Donna is the cynical, sexy enforcer of the Sean McGuire crime family. She’s reliable and discreet, generally achieving objectives without violence. This is an important stipulation when McGuire sends Donna to find out who has been skimming from his business enterprises. She is obliged to take with her a shy, stuttering 23 year old nerd, Max, who is McGuire’s nephew. Max is, however, a brilliant forensic accountant, and embezzlement bloodhound. On the road to Vegas, a fractious chemistry develops, and Donna, shall we say, cures Max’s speech impediment. Max falls heavily in love. Their sex scenes are both funny and touching. Against her better judgement Donna responds to Max’s inherent decency. She begins to re-evaluate her life. A confrontation with an embezzling casino manager results in an ambush, with Donna dispatching the thugs before a horrified Max. This triggers a series of gun battles and hairs breadth escapes as they go on the run from Donna’s vengeful boss. Max gets to grow up fast, and the story builds to a multi twist finale. There’s plenty of muscular action and crackling dialogue in a tight 241 pages for fans of the genre. It could make a fun Netflix movie if handled as an off-beat shoot-em-up, and the lead cast had palpable chemistry.
The use of the widescreen movie format on the cover art of THE ONLY PLACE IN TOWN reflects its screenplay origin, a character driven suspense thriller, spiked with a dark vein of sardonic humor. With ownership of the gas station, the local store, and the diner, four brothers have a lock on a small town, until greed and ambition turn three of them against one. Their machinations become complicated by their long-suffering wives who contrive to escape the stifling misery of their marriages. Tensions notch up with the arrival in town of a mysterious man from their past. I’ve always felt this twisted tale of deceit, treachery and murder would make a gripping movie in the vein of Blood Simple. I had Billy Bob Thornton in mind for the role of Zeb. But I was unable to get backing for it, and it passed to another well thought of director, but he too was unsuccessful. Perhaps producers ten years ago felt it was an ensemble piece with insufficient youth market appeal for theatrical release. But today The Only Place In Town, with seven juicy parts for name actors, is ideal for a streaming platform pick up. Think about who you would cast, as you rip through this fast paced novella.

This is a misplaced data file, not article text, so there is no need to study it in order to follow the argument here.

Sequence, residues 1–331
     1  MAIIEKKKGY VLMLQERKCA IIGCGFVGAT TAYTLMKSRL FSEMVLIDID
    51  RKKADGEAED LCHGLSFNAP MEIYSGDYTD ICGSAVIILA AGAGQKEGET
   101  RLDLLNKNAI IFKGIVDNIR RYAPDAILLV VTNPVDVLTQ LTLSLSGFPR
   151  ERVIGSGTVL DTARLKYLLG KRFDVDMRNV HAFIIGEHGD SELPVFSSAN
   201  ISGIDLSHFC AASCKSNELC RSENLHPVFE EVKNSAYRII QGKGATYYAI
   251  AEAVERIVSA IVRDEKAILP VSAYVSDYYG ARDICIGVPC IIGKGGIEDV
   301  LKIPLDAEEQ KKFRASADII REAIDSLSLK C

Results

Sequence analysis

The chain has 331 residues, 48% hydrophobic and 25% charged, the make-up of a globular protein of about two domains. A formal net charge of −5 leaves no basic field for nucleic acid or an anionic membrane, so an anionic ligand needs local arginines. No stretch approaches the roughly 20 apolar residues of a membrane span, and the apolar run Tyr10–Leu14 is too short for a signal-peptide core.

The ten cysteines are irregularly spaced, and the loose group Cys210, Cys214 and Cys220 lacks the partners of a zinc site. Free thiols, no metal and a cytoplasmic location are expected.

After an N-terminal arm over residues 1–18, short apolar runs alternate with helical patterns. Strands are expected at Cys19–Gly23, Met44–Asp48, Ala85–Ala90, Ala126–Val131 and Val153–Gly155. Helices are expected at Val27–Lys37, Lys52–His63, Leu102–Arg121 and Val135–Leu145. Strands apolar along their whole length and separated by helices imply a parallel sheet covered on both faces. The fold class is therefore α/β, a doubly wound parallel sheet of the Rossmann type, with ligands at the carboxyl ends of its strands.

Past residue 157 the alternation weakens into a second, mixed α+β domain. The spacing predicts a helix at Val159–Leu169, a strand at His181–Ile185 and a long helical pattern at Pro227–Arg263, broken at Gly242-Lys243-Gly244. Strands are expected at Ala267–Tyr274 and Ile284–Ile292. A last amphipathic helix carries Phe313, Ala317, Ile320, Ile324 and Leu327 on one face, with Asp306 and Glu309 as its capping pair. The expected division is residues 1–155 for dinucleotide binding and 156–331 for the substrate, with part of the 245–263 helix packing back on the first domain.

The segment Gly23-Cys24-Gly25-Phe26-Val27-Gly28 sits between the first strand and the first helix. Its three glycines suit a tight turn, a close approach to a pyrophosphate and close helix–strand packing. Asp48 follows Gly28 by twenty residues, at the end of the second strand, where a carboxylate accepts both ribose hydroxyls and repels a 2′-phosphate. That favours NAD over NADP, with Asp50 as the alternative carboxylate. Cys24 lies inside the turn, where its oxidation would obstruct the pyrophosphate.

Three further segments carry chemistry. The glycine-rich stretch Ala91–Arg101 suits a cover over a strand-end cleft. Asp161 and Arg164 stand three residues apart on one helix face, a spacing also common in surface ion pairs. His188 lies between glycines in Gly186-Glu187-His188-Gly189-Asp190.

It is 2035 and many of our current fears have come to fruition. Air and water pollution, corroded infrastructure, civic corruption have become the reluctantly acceptable norm. Money remains the root of all evil. Sex has become a commodity rather than a bond. Think of it as an ‘R’ Rated Sam Spade story, set in a dystopian future, with an intriguing AI MacGuffin at its core.
Each of these Pulp Fiction B Movie novellas is a fast read, full of excitement, suspense and surprises. Here’s where to find them: